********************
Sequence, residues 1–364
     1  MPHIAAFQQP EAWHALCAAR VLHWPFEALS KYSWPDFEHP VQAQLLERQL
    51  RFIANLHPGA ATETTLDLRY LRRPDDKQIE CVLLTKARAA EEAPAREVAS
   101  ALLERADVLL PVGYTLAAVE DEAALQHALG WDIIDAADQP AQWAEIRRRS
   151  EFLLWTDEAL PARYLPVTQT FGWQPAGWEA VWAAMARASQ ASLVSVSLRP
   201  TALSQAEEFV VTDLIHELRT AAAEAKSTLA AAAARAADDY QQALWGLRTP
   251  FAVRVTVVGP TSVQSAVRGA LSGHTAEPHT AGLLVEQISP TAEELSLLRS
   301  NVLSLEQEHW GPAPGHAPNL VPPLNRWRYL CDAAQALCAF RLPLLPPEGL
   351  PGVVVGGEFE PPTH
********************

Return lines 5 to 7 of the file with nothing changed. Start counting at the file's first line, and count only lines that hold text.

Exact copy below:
   151  EFLLWTDEAL PARYLPVTQT FGWQPAGWEA VWAAMARASQ ASLVSVSLRP
   201  TALSQAEEFV VTDLIHELRT AAAEAKSTLA AAAARAADDY QQALWGLRTP
   251  FAVRVTVVGP TSVQSAVRGA LSGHTAEPHT AGLLVEQISP TAEELSLLRS